By Ivan Raconteur
WINSTED During the Winsted City Council work session Feb. 6, City Administrator Dan Tienter presented the background on a proposed policy under which the city will accept park dedications and donations.
He noted that during the development of the city’s park system master plan in 2016, the planning commission asked for additional information regarding possible policies and procedures for dedication or naming conventions for city parks.
In May 2016, after reviewing policies from other cities, staff presented the commission with four examples from other cities and gathered input from commission members.
Staff delayed further consideration of a policy until after the city council adopted the master plan in May 2017.
City staff then drafted a recommended policy and presented it to the park commission in August 2017.
The park commission recommended approval of the policy.
The purpose of the proposed policy is to serve the best interests of the city in branding, dedicating, labeling, and naming the amenities of the park system.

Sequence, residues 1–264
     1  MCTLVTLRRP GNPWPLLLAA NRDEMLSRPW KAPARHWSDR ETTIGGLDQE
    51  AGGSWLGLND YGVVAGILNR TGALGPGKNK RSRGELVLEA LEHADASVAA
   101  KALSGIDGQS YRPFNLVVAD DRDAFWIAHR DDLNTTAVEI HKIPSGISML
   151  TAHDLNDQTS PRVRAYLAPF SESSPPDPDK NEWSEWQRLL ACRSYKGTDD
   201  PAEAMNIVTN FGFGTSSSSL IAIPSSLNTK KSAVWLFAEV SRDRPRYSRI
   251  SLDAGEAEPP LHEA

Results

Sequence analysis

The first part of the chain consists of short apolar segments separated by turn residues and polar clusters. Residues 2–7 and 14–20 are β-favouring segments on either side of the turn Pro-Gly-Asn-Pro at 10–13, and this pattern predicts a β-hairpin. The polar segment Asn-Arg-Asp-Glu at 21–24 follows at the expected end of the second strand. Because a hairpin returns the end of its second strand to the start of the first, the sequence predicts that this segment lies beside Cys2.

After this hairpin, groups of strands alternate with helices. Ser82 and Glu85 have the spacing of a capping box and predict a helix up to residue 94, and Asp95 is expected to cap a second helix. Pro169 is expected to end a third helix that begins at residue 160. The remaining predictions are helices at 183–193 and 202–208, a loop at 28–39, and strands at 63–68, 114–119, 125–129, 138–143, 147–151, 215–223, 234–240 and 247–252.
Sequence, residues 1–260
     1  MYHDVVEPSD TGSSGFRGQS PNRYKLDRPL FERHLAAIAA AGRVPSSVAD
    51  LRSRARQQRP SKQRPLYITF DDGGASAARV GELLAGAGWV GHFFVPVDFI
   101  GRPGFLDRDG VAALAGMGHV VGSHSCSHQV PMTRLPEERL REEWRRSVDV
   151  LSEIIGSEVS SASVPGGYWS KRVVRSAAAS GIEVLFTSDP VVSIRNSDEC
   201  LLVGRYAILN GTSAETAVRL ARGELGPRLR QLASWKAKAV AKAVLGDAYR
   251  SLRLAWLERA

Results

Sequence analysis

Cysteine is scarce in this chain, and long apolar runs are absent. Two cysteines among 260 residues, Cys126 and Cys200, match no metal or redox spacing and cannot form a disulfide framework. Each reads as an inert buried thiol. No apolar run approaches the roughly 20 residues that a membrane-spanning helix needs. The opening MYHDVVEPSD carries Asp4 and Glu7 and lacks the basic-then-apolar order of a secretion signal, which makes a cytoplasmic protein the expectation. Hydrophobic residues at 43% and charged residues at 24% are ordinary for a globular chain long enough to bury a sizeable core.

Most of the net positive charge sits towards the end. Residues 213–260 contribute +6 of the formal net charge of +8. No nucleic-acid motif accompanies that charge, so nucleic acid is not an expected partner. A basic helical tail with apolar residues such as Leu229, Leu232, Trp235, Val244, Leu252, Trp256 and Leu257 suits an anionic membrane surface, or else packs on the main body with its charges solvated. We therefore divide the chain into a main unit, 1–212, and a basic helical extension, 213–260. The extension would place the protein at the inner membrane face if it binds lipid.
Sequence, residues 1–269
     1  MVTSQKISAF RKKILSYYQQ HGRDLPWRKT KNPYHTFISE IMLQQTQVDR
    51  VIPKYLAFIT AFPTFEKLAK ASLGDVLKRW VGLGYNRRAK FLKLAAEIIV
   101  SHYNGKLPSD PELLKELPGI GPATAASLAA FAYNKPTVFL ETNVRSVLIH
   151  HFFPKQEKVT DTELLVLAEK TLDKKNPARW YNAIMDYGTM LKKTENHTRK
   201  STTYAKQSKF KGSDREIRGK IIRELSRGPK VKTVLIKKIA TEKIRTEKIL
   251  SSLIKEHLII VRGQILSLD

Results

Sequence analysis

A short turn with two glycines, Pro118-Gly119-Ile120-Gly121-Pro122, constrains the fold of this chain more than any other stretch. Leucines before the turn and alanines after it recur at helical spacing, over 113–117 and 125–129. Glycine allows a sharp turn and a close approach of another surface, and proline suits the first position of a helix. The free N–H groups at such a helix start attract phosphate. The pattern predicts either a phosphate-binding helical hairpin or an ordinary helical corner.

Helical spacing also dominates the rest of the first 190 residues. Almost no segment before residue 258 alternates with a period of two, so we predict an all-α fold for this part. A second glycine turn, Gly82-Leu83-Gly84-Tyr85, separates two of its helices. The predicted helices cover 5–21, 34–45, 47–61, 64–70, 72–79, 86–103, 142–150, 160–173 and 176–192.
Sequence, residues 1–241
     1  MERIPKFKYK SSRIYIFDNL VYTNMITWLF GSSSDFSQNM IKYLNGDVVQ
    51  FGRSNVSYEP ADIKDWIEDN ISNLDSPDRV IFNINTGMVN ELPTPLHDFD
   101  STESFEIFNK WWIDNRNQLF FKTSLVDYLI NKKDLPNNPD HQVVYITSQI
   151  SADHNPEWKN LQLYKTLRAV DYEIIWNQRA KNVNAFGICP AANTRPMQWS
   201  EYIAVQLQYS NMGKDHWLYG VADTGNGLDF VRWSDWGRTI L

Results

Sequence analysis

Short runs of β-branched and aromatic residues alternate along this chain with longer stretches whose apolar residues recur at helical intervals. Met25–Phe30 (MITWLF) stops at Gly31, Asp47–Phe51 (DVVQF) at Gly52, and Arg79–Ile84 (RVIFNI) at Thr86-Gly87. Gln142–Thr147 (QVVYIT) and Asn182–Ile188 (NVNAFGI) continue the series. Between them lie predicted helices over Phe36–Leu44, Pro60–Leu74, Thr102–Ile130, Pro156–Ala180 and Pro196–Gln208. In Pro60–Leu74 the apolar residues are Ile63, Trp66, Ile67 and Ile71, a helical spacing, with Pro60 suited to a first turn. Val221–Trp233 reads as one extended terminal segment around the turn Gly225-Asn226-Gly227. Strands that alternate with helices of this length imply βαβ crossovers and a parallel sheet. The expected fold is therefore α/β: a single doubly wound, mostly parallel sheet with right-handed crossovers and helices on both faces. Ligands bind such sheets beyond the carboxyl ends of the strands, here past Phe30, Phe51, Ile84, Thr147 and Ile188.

The policy classifies amenities as either minor or major assets.
Only major assets are eligible for dedication or naming. Categories include historic events and places, and historic or outstanding individuals.
Typically, the city will only consider the dedication or naming of a major asset under one or more of the following circumstances:
• The individual or group demonstrated significant contributions to the Winsted community, State of Minnesota, or the US.
• The individual or group volunteered and gave extraordinary assistance to individuals, families, or groups, or support to the greater community.
• The individual or group risked their lives to save or protect others from harm.
• The individual or group demonstrated commitment to equity, inclusion, and/or justice.
In order to protect the city from significant unplanned expenses, the policy also sets forth guidelines for accepting major gifts.
For example, for any project under $100,000, the donor must contribute at least 75 percent of the cost (thus capping the city’s cost at $25,000).
In addition, the donor will be required to contribute at least a 15-year endowment for the continued maintenance, operation, and programming associated with the asset as determined by the park commission. This will protect the city from incurring un-budgeted maintenance costs.
The policy also specifies guidelines for accepting trees, benches, bike racks, or picnic tables.
More details and definitions are included in the proposed policy, which is expected to be approved by the council as part of the consent agenda during its Tuesday, Feb. 20 regular meeting.